The last big heat wave before was in 2009: In South Australia the thermometer in Adelaide at the end of January 2009 showed 46 degrees - 17 degrees more than usual for the daily maximum value. In Melbourne, on January 30th, 2009, the power grid for 600,000 residents allegedly collapsed due to excessive use of air conditioning.

The inhabitants of the fifth continent are used to extreme heat waves. There were great heat waves in Australia in 2000, 2003 and 2004, among others. Midsummer is also the time for bush fires in Australia.
Information on bush fires

Climate development

The "Greenhouse Office" presented a study in 2003, according to which the increasing global warming will heat up Australia. The average annual temperature on the fifth continent will increase by two degrees by 2030 and by six degrees by 2070. As a result, the number of days on which more than 35 degrees are measured in large cities could double. More and more farmers have to be prepared to leave their farms because of persistent periods of drought. The supply of drinking water could become even scarcer, especially on the coasts. The increasing global warming, for which greenhouse gases such as carbon dioxide are held responsible, is already having an impact on the weather, according to the report of the "Greenhouse Office".

The government under John Howard, which was in office until 2007, long refused to sign the Kyoto Protocol on Climate Change because it was not in the "national interest". The Labor Government finally signed the protocol in 2008. In terms of population, Australia is the world's largest polluter and is also the world's largest exporter of coal.

The Australian Greenhouse Office offers a unique overview of the renewable energy locations in Australia on its website. The overview maps are based on publicly available data and show the locations of renewable energy systems with capacities over 3 KW. The entire south-east coast of the continent is by far the strongest. There is some catching up to do in other regions.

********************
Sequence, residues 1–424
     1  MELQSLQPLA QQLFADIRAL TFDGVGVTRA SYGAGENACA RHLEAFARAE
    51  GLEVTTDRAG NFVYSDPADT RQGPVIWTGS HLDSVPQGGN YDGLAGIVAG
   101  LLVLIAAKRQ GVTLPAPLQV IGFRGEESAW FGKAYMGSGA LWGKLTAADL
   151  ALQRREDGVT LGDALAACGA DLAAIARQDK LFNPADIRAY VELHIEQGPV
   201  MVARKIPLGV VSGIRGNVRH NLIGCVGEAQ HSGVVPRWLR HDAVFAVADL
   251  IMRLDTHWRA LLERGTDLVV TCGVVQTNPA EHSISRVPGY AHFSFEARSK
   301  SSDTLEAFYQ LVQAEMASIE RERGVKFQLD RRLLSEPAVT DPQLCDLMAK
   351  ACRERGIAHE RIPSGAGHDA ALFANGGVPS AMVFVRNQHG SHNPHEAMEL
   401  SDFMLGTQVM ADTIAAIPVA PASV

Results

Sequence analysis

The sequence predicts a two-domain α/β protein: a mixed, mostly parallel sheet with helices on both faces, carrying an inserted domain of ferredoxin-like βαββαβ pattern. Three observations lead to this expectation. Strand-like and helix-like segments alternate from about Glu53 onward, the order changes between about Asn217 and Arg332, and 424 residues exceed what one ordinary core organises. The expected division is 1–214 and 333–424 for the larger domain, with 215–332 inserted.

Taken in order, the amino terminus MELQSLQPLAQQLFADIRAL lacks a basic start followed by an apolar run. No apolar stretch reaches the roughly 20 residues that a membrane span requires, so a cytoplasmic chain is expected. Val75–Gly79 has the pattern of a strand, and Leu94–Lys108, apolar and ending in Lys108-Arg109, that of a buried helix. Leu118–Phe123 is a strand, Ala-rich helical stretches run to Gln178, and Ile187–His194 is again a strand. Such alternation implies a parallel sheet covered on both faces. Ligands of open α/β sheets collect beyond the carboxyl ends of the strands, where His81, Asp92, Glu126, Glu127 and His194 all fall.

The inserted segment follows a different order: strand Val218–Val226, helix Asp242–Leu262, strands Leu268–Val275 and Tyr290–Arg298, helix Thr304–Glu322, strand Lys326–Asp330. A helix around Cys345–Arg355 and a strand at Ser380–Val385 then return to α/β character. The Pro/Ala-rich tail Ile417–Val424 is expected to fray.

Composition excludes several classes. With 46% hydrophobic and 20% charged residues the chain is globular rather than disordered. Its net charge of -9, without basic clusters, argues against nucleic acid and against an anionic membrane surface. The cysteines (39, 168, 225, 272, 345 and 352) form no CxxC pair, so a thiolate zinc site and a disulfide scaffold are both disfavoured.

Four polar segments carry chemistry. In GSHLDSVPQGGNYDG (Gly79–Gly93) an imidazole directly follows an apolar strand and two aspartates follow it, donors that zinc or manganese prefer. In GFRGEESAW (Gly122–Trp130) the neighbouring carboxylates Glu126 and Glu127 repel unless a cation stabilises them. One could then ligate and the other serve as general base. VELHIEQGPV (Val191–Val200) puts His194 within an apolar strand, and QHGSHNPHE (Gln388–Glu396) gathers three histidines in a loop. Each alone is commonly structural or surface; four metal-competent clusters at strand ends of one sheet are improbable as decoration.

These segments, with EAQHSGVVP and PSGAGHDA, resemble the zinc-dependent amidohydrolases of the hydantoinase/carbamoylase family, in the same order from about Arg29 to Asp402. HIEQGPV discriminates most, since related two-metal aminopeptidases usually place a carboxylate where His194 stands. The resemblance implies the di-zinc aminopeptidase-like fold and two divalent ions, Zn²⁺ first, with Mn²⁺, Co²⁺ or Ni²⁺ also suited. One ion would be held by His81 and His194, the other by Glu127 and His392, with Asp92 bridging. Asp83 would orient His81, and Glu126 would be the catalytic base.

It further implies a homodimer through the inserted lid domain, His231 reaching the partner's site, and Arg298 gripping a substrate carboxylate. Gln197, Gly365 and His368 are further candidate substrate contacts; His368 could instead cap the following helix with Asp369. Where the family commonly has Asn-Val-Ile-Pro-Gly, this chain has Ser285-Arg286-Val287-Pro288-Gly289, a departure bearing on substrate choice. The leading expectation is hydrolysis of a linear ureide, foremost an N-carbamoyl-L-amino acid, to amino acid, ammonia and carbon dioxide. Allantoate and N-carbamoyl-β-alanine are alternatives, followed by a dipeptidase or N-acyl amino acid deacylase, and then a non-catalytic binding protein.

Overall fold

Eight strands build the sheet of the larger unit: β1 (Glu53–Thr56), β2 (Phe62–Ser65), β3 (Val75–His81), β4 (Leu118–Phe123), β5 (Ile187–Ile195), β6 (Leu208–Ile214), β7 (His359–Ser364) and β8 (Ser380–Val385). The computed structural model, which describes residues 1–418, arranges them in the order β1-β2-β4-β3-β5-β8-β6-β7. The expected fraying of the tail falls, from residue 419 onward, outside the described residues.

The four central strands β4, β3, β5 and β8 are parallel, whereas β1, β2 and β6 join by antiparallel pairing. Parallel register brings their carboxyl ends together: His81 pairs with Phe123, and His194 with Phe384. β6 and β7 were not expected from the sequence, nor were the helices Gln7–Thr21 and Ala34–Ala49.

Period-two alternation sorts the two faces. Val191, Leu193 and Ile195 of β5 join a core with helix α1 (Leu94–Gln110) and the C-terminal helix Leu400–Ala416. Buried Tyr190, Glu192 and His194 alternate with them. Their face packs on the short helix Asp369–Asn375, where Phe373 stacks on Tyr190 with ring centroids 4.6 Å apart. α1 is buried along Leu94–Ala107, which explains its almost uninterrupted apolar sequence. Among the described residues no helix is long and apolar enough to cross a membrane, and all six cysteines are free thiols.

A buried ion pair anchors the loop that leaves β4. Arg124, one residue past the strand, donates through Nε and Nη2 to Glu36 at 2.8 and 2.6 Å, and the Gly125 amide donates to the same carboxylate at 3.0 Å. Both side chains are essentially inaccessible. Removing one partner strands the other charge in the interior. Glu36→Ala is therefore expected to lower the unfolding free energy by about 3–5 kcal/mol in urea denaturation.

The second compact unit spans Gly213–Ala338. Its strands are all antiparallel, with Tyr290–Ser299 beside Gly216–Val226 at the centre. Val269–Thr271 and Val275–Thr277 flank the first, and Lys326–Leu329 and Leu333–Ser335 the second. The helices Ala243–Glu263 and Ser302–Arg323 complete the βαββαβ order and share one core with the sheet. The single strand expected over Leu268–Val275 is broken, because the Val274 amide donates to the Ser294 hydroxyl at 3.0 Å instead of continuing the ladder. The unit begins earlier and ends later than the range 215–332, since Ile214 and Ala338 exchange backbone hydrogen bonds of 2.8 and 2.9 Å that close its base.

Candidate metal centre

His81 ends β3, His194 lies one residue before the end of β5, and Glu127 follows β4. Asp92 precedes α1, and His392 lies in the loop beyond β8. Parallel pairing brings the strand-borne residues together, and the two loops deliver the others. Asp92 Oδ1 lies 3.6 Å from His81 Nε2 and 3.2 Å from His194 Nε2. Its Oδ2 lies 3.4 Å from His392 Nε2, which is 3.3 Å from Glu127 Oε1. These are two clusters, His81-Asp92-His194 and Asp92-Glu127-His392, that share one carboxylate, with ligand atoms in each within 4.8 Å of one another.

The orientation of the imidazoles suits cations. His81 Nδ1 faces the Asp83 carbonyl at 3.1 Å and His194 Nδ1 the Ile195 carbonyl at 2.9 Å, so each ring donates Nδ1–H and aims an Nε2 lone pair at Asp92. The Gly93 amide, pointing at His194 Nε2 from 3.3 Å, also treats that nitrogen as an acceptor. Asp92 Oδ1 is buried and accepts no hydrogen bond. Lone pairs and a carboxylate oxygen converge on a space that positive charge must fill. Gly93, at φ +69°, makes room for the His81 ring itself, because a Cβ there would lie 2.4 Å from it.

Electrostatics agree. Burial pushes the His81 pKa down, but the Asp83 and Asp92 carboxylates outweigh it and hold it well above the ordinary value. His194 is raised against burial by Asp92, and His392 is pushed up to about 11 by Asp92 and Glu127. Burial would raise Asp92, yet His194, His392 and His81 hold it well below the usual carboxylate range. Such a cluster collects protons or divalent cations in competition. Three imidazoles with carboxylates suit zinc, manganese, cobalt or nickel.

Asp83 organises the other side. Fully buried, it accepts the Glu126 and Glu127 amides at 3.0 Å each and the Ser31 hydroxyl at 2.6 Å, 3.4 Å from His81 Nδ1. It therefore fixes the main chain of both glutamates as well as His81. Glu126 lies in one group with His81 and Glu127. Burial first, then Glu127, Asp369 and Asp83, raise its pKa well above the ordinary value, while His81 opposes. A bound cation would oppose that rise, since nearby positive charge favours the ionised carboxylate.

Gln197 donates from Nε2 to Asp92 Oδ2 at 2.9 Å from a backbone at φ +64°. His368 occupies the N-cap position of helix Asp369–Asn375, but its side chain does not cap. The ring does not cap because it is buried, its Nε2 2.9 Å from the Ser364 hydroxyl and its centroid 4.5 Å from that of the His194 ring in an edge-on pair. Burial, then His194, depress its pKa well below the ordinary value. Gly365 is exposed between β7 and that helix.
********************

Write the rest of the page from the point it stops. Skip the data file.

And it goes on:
Australian Greenhouse Office website

Current weather data
Long-term mean temperature distribution
Distribution of precipitation in Australia
Australia's vegetation zones and the drought problem
The most suitable travel times for the different regions of Australia

Regional climates in Adelaide, Alice Springs, Brisbane, Broome, Cairns, Canberra, Darwin, Exmouth, Hobart, Melbourne, Perth, Sydney

Bureau of Meteorology (e)
Number one source for meteorological information. Current satellite images, weather forecasts (even in extreme weather conditions such as forest fires and heavy rainfall), climate overviews, tables, graphics and much more. more.

European Center for Medium Range Weather Forecasts (e)
Whether it will rain above or below average in Australia in the next 3 months is certainly not only of interest to the farmers, who are in some places heavily plagued by drought. The European Center for Medium-Range Weather Forecasts dares to make the forecast using a complex mathematical model. The simple version of the current seasonal weather forecast can be accessed as a graphic on the Internet.

World Climate (s)
Very good source of information about various climate data. Very clearly laid out. Just enter the place name and the server will list the data sources.

We look forward to your suggestions for updates and enhancements to this page.
Our editorial team invests a lot of time in research to keep the contents of AUSTRALIEN-INFO.DE up-to-date, clear and correct. Nevertheless, it cannot be ruled out that the content of this page is not updated daily.

You can help us: Do you have any suggestions for updating or adding to the information on this page? Is there an important reference to other sources of information missing (Internet links, literature, etc.)? Please click here and send us your information. Many thanks in advance.